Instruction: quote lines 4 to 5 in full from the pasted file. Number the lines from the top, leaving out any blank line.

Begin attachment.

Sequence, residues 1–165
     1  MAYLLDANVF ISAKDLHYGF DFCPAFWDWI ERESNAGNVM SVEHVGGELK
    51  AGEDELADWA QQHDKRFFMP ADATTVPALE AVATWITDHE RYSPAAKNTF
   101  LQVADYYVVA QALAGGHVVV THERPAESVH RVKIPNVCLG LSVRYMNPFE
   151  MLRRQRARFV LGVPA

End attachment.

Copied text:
   101  LQVADYYVVA QALAGGHVVV THERPAESVH RVKIPNVCLG LSVRYMNPFE
   151  MLRRQRARFV LGVPA